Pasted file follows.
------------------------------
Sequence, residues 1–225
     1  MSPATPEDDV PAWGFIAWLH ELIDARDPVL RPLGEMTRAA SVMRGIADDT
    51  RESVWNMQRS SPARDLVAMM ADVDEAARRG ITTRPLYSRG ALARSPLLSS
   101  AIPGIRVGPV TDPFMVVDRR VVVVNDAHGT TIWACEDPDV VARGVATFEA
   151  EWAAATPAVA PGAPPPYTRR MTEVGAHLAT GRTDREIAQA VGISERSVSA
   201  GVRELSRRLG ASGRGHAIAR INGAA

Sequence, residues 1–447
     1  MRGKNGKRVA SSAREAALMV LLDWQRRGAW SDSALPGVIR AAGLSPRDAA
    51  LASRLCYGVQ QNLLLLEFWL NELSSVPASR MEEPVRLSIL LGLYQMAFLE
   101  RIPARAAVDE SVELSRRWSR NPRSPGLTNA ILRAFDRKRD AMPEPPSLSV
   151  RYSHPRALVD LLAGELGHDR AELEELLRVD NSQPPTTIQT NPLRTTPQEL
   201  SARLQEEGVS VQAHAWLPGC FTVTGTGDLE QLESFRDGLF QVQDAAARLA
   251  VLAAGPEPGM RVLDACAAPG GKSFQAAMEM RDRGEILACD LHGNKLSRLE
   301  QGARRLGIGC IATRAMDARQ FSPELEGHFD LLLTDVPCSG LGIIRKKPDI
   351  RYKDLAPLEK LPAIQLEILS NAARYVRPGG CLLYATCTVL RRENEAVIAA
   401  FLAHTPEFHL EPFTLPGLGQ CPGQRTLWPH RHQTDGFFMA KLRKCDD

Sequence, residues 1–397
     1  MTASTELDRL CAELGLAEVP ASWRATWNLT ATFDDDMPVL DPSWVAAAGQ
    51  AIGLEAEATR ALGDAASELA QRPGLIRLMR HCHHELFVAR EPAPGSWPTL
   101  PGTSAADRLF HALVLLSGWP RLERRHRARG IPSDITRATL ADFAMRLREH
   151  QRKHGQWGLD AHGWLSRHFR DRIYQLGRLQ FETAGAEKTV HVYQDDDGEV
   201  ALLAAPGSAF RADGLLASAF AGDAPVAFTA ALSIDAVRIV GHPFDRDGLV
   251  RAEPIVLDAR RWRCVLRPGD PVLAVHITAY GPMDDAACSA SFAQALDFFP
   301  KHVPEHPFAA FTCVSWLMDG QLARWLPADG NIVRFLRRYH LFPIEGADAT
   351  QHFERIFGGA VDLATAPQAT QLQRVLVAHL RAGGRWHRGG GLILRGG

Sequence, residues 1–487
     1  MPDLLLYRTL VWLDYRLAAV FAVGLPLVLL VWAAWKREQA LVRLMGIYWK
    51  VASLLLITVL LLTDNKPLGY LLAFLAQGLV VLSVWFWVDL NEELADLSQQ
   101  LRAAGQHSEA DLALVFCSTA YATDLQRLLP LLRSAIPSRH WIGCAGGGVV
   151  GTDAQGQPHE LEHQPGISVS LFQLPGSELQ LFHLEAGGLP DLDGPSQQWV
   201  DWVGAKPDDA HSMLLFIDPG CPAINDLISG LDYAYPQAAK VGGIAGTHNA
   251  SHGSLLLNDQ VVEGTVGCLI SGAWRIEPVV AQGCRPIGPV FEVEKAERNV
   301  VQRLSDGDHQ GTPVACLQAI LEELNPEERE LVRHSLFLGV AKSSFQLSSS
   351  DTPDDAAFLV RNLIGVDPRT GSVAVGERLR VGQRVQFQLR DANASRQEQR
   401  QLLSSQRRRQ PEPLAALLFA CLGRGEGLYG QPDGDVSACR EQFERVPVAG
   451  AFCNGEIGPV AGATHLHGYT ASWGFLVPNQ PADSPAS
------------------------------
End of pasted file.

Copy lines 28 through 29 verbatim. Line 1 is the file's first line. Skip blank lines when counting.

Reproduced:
    51  VASLLLITVL LLTDNKPLGY LLAFLAQGLV VLSVWFWVDL NEELADLSQQ
   101  LRAAGQHSEA DLALVFCSTA YATDLQRLLP LLRSAIPSRH WIGCAGGGVV